In honor of Nurse Practitioner Week, we’re highlighting locum tenens NP Philip Newman.
Philip Newman always knew he wanted to be a healthcare provider. So when it seemed initially that medical school wasn’t in the cards, he was attracted to the holistic nature of nurse practitioner work, and never looked back. Now that he is in medical school, locums is helping him gain experience, while still being able to balance school and being a dad.
Here’s what he had to say about juggling locums, medical school, and fatherhood:
What led you to become a nurse practitioner?
Back in high school, I wanted to be a doctor. Somewhere along the way, I got distracted by the humanities and did my undergraduate and master’s in religious studies, which was a big deviation. As I’m sure you can imagine, Religious Studies degrees don’t tend to pay the bills, so I needed to find some work to substitute.
I was trying to decide between law school and a potential PhD, when I started working a supply job in the hospital. And I fell in love with it. I realized that if I wanted to make a difference in the world, this is where I needed to be.
I had to go back to school and take all of the science classes that a Religious Studies degree, you know, doesn’t include [laughs]. I had the intention of going into medical school, and I tried for a few application cycles, but I didn’t get in.
But I always knew that I wanted to be a provider. I wanted to work at the bedside. And the more I researched it, the more I realized that nurse practitioners have a holistic approach versus just the science of treating the disease. And I wanted to treat the person.
I found a program that would fast track you to become a nurse practitioner if you had a bachelor’s in another field. So I applied and I got in and after three years of schooling, I came out as a nurse practitioner. I’ve never looked back.
That’s quite a journey!
Yeah, it’s either inspirational or it’s the story of a kid that can’t make up his mind. Take it however you will [laughs].
What drew you toward cardiology in particular?
It’s funny that you say that, because I remember when I was in the fifth grade, we dissected a pig’s heart and I got so sick looking at it that I had to take the day off the school afterwards.
But that first hospital job after grad school was working in the cardiac cath lab. I got to see those pivotal moments between life and death: the heroic efforts that kept people alive, and the times that weren’t successful, and the mutual grief that everybody shared about that. To me, they were some of the most human moments I’d ever been around. I fell in love with cardiology by proxy, just by being there.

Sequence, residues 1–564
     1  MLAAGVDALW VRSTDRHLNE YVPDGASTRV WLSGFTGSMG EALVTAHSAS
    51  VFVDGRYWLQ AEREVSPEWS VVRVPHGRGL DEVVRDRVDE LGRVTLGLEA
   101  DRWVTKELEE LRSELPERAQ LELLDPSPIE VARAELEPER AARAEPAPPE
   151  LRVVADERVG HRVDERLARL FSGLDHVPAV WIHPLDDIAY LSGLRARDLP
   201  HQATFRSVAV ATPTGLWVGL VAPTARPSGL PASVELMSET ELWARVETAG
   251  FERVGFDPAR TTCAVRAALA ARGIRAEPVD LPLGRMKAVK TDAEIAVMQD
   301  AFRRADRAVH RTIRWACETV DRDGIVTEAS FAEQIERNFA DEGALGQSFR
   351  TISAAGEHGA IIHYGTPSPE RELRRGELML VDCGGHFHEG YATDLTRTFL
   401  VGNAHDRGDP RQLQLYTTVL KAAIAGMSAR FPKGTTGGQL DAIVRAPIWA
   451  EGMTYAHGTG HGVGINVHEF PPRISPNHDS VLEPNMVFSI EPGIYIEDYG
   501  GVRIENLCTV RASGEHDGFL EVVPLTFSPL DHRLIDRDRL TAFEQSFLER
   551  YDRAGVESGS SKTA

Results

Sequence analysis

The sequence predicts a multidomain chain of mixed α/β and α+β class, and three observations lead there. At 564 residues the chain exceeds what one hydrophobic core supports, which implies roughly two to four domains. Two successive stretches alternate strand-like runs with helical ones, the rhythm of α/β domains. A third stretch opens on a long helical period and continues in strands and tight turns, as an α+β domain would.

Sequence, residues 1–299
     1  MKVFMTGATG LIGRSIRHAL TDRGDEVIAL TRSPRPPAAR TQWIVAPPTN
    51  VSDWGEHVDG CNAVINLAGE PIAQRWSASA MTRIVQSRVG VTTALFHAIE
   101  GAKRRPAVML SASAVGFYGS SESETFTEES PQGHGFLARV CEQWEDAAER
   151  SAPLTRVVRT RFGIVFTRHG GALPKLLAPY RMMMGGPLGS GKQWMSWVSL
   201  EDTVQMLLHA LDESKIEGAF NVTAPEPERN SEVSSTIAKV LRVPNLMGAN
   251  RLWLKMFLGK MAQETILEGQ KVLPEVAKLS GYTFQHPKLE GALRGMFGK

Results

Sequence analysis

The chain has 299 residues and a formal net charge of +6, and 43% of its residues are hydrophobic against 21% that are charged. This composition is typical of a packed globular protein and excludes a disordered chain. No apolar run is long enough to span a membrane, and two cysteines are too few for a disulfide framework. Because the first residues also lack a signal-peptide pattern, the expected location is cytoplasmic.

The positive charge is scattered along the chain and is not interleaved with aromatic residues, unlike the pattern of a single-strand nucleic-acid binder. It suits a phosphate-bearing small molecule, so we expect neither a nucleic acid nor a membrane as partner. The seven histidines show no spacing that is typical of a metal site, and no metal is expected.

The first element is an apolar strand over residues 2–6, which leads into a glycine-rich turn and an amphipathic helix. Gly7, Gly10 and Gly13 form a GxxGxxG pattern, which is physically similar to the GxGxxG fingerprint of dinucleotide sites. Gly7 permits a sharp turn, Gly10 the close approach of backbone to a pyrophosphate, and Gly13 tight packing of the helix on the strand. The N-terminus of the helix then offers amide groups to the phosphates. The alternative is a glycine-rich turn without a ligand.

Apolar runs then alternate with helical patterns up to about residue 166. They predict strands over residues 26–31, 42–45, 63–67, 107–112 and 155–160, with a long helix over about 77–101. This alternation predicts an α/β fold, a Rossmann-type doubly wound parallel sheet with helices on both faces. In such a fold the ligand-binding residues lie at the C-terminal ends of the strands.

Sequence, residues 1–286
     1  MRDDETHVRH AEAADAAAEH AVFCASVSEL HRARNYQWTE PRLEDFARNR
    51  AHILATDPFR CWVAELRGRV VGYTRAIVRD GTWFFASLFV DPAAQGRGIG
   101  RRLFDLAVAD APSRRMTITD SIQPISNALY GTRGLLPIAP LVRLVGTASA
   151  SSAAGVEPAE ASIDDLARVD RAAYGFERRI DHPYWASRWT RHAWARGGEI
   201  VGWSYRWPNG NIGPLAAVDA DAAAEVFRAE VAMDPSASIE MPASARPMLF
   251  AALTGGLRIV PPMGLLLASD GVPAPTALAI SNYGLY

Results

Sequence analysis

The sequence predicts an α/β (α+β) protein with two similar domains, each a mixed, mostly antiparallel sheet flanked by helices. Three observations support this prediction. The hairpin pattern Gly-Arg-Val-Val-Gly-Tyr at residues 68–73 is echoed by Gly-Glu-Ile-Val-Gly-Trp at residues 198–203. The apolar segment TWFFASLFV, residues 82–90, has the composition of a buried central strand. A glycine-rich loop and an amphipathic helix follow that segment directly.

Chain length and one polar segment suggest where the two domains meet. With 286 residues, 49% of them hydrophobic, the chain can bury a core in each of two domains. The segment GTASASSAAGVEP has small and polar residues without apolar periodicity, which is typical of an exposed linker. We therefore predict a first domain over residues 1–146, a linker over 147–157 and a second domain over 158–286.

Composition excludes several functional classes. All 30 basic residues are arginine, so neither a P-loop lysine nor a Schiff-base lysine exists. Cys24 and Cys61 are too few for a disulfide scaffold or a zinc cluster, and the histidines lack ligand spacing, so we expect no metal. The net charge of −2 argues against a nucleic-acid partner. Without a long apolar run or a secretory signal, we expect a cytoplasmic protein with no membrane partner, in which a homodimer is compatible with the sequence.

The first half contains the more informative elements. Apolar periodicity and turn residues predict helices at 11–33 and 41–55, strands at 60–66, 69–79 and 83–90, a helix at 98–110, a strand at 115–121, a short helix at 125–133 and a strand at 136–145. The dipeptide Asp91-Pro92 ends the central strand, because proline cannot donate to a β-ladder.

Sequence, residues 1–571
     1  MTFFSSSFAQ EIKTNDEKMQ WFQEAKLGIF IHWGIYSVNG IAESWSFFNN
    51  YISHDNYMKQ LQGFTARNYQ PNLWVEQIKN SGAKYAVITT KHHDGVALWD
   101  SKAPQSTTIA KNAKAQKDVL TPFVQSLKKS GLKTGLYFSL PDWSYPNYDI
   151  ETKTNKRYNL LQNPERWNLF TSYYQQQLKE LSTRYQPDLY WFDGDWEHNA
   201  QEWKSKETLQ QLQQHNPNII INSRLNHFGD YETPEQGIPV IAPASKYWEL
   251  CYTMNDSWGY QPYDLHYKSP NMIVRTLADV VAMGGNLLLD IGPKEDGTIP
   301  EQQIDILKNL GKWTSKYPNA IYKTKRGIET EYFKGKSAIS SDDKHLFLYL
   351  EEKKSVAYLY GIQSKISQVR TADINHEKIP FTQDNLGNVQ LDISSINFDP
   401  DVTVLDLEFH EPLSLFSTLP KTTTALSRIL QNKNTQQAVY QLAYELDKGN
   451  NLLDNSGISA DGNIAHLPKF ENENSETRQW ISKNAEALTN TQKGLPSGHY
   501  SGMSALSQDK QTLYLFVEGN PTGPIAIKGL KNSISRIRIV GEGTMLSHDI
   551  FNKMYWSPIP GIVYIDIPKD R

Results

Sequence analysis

I’ve always been interested in cardiology, and my interest has never waned. It’s only intensified over the years. For lack of a better pun, cardiology is where my heart is.
What made you decide to try locum tenens, and what did that process look like?
I always wanted to do cardiology, and I was lucky enough to get to know some really good cardiologists who were waiting for me to graduate so that I could come join them at their practice. I was at a small community hospital for five years, and I was really happy there.
But believe it or not, I finally did get accepted into medical school! Once I started school, and then my daughter was born, I realized that driving an hour both ways each day was not working. I was missing out on a lot of study time and dad time, and I didn’t want to keep doing that.
I hadn’t considered locums work until Megan, my consultant from Hayes Locums, reached out to me about it. I mentioned it to my wife, who’s been a travel nurse for a long time, and she said, you would be stupid not to take that opportunity. [laughs] With medical school bills to pay, and the baby, it just seemed like the prime time to try it.
Megan’s been amazing to work with. When she reached out to me about this opportunity, I was able to see ahead of time what the hours and the expectations were going to be, so I knew right out of the gate that the hours were never going to overlap with my academic responsibility. And whenever I have questions about anything, she’s always very prompt with an answer.